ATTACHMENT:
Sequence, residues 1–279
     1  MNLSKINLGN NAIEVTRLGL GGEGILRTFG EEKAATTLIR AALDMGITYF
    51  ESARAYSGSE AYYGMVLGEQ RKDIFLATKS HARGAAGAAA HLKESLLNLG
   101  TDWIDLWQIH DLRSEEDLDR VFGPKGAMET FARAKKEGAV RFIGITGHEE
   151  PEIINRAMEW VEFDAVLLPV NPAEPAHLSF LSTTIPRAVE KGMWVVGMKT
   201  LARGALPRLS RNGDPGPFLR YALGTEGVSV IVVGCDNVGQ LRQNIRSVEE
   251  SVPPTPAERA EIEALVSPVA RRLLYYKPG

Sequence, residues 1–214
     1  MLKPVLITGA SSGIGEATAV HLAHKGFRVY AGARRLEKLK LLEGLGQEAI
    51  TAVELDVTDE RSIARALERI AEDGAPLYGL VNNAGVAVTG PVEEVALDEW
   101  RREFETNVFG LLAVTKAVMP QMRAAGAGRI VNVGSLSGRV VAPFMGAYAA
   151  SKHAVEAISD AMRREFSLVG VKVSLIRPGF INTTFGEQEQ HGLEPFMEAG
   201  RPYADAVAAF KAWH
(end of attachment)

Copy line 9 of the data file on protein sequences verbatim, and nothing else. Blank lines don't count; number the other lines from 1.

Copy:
     1  MLKPVLITGA SSGIGEATAV HLAHKGFRVY AGARRLEKLK LLEGLGQEAI